The Sunday Diigo Links Post (weekly)

by Yule Heibel on March 6, 2011

  • Being naturally an Eeyore type of personality, I’m not sure that I can deal with the findings in this article… But I guess they’re bang-on, and the conclusions are thought-provoking
    Emotion = distribution

    I can tell you, anecdotally, that for our Twitter feed, @niemanlab, one of the best predictors of how much a tweet will get retweeted is the degree to which it expresses positive emotion. If we tweet with wonderment and excitement (“Wow, this new WordPress levitation plugin is amazing!”), it’ll get more clicks and more retweets than if we play it straight (“New WordPress plugin allows user levitation”).

    For harder data, check out some work done by Anatoliy Gruzd and colleagues at Dalhousie University, presented at a conference last month. Their study looked at a sample of 46,000 tweets during the Vancouver Winter Olympics and judged them on whether they expressed a positive, negative, or neutral emotion. They found that positive tweets were retweeted an average of 6.6 times, versus 2.6 times for negative tweets and 2.2 times for neutral ones. That’s two and a half times as many acts of sharing for positive tweets.
    And from the conclusion:
    on the whole, figuring out how to make people want to share your work with their friends generates a healthier set of incentives than figuring out how to manipulate Google’s algorithm. Providing pleasure — pleasure that someone wants to share — is not an inappropriate goal. And when you broaden out beyond “positive emotions” to the idea of driving arousal or stimulation — positive or negative — the idea starts to fall a little more neatly into what news organizations consider their job to be.

    tags: nieman_journalism_lab joshua_benton facebook socialmedia socialnetworks journalism

  • Intro, after which the author summarizes 7 trends relating to collaboration:
    Since the dawn of managerial capitalism, collaboration and work have almost always been synonymous. People need other people to realize their greatest impact, and innovation, perhaps the most valuable activity in business, depends critically on the kind of cross-pollination of ideas that collaboration enables.
    1.Consumerize everything.
    2. It’s all about the culture.
    3. Cherish your experts, not your documents.
    4. Build the 24-hour knowledge factory.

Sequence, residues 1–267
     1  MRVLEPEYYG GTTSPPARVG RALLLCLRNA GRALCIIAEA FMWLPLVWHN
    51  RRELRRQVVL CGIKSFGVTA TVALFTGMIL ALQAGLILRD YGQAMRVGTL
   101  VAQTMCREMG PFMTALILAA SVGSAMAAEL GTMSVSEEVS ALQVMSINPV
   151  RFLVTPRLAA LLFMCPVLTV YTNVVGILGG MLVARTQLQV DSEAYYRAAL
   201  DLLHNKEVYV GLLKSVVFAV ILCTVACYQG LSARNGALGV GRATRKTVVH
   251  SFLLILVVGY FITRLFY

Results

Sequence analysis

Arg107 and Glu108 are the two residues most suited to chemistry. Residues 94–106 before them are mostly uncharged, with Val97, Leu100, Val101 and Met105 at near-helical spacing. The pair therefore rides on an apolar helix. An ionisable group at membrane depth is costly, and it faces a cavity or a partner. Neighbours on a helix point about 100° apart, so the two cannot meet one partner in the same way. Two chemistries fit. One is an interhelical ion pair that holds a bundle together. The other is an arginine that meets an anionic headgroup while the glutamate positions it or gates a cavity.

5. Mandate structure within the social cacophony.
    6. Tap the wisdom of your crowd, and any crowd.
    7. Keep it real.

    tags: mit_techreview trends collaboration

  • Another indication that authors have to think entrepreneurially themselves, perhaps figuring out (ahead of their publishers or distributors) where their books might go, aside from the traditional bookstore…
    Publishers have stocked books in nonbook retailers for decades — a coffee-table book in the home department, a novelty book in Urban Outfitters. In the last year, though, some publishers have increased their efforts as the two largest bookstore chains have changed course.

    Barnes & Noble has been devoting more floor space for displays of e-readers, games and educational toys. Borders, after filing for bankruptcy protection in February, has begun liquidating some 200 of its superstores.

    “The national bookstore chain has peaked as a sales channel, and the growth is not going to come from there,” said David Steinberger, chief executive of the Perseus Books Group. “But it doesn’t mean that all brick-and-mortar retailers are cutting back.”

    A wide range of stores better known for their apparel, food and fishing reels have been adding books. The fashion designer Marc Jacobs opened Bookmarc in Manhattan in the fall. Anthropologie has increased the number of titles it carries to 125, up from 25 in 2003. Coldwater Creek, Lowe’s, Bass Pro Shops and even Cracker Barrel are adding new books. Some mass retailers, too, are diversifying — Target, for instance, is moving away from male-centered best sellers and adding more women’s and children’s titles this year.

    Having a physical outlet for books is extraordinarily important, publishers say. While online and e-book sales are huge channels, lesser-known books can get lost in that world if they do not have a physical presence to spur interest. The ability to catch a shopper’s eye in a store is almost impossible to mimic online.

    So publishers are approaching just about anyone with a shelf.

    tags: publishing books nyt bookstores retail

  • Fascinating. Valuable land being squatted by plats (as it were) that will never be built, vs. being occupied by humans or wildlife or flora and fauna. Meanwhile, I’d say places like Victoria are on to something when they allow for legal secondary suites in traditionally single-family homes. How else to make sense of 6K-sq.ft. McMansions that will sit idle?
    …recognize the changing market for housing that is steadily turning away from the purchase of single-family homes, said Arthur C. “Chris” Nelson, professor at the University of Utah. In the coming years, households with children will drop, and the market will be dominated by aging baby boomers — but millions of them will be trying to sell their own homes, creating oversupply, and more interested in multifamily and renting. “We’re overbuilt by about 28 million homes on large lots considering demand by 2020,” Nelson said.
    The bottom line, said Holway, who is leading research on what is also known as obsolete or premature subdivisions: “It’s not just a crash. It’s going to be different when (the market) comes back.”

    tags: subdivisions suburbs cities housing zombie_economy zombie_real_estate real_estate boston_globe

Posted from Diigo. The rest of my favorite links are here.

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